Responding to Student Springtime Anxiety: Easy Techniques for Building Resilience

By Dominique Maas and Katrina (Katie) McKenzie

While the fall semester is traditionally a busy time in college career centers, it seems the spring often brings about more anxiety and stress for students. In our work, emerging themes often include seniors thinking about impending graduation and the job hunt, juniors concerned with finding the “perfect” internship that will lead to the “perfect” job, sophomores feeling pressured to declare a major, and even first-year students feeling they are already “behind.” However, the strains of transition and related challenges can affect clients at all ages and stages.


Resilience is defined as “the ability to recover from or adjust easily to misfortune or change” (Merriam Webster, 2014). Research shows that resilience in college students is typically not yet fully developed (Leary & Rossier, 2012). As career counselors, we are in a unique position to help individuals identify and build upon their strengths, reframe challenges into opportunities, and help advisees become more resilient. Here are two techniques to identify strengths and build resilience, created by Doug Hensch of the DRH Group (Reivich & Shatte, 2002; Seligman, 2015) and used with students at our institution. These activities could easily work with students and clients of all ages, at all times of year, but can be particularly helpful with stress that accompanies the winding down of the academic year.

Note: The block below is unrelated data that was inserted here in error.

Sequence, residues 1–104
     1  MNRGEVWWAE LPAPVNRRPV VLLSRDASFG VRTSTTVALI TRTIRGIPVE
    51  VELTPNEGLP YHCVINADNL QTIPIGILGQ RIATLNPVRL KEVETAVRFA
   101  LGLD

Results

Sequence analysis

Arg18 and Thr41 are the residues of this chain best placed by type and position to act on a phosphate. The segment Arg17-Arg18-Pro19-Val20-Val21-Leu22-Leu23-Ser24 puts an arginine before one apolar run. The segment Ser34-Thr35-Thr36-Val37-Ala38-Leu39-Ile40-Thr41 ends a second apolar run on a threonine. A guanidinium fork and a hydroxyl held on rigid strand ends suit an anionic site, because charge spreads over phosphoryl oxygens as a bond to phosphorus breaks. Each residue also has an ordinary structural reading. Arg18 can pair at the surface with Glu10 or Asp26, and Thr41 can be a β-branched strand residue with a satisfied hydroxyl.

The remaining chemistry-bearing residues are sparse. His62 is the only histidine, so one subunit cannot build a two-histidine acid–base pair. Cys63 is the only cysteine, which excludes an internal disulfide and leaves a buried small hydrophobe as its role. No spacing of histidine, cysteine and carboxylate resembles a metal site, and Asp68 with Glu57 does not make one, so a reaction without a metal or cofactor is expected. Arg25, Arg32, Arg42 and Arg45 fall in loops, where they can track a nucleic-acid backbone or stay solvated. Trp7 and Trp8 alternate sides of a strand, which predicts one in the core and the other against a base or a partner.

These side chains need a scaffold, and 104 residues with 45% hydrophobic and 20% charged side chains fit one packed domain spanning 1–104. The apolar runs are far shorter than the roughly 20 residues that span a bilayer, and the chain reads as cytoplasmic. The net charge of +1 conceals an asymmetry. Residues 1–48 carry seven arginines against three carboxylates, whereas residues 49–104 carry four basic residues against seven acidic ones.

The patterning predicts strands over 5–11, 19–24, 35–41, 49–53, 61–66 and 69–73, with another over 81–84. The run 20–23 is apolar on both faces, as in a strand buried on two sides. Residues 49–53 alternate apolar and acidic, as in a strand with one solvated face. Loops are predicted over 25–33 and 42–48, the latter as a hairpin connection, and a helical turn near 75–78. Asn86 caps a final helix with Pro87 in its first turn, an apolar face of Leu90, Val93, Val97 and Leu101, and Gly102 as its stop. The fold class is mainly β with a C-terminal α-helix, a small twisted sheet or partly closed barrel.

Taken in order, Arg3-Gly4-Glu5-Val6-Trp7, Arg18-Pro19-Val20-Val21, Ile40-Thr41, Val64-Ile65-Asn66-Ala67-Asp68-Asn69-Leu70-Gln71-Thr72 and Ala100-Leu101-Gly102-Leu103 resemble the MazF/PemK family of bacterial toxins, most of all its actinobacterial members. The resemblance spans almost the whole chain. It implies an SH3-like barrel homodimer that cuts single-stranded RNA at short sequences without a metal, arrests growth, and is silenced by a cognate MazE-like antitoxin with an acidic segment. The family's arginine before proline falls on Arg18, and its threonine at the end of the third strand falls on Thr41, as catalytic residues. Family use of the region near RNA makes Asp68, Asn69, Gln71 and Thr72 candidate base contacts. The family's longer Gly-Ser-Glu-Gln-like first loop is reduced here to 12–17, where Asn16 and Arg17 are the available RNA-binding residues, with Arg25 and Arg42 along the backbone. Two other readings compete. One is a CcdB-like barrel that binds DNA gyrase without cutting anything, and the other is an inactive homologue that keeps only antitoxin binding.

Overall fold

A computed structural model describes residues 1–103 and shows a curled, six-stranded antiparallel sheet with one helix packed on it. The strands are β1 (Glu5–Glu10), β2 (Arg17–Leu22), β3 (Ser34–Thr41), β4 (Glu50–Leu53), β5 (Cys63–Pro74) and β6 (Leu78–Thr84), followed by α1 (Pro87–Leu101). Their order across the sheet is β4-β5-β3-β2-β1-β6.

Three Good Things

This exercise encourages students and clients to notice the role of their personal strengths in everyday occurrences.


  1. Each day for the next week (or until your next meeting with them), have the individual write in a journal three good things that happened. We encourage students to think, even on the worst day, what good things can they say? Something as simple as “1) I got up this morning 2) I worked 3) I got home safely” will do.

  2. Have the student or client write out a short explanation on their role, if any, in each positive occurrence. Ideally, students will have some examples of personal agency (e.g., “I got a good grade on a project, because I planned in advance to get it done”).

  3. Ask them to identify and describe any themes in the positive events they wrote about, as well as their own contributions.


By focusing on recent events, we have found that students are able to recognize their own abilities, validating how they have contributed to positive results, which can be useful in overcoming adversity, and building resilience.


Column Exercise

Our students often view situations as “all or nothing” (e.g., things will either be ‘perfect’ or ‘completely awful’). This exercise encourages students and clients to imagine shades of grey and begin planning a next step.


  1. Have your advisee draw three columns on a piece of paper. Label them Column #1 (farthest to the left), Column #2 (farthest to the right) and Column #3 (Middle).

  2. Have them write down their current uncertain or stressful situation, likely the reason they have come in to speak with you.

  3. In Column #1, encourage your advisee to think of the worst-case scenario for their situation. Have them play out the situation in tiny increments towards a final outcome with the most extreme results they can imagine. For example, “I am having trouble finding a job, which means I will have to move back in with my parents after graduation, which means I will live in their basement, which means I will be sad and lonely and have no friends.” So, from Point A ("I am having trouble finding a job"), they've managed to get to Point Z ("I will have no friends").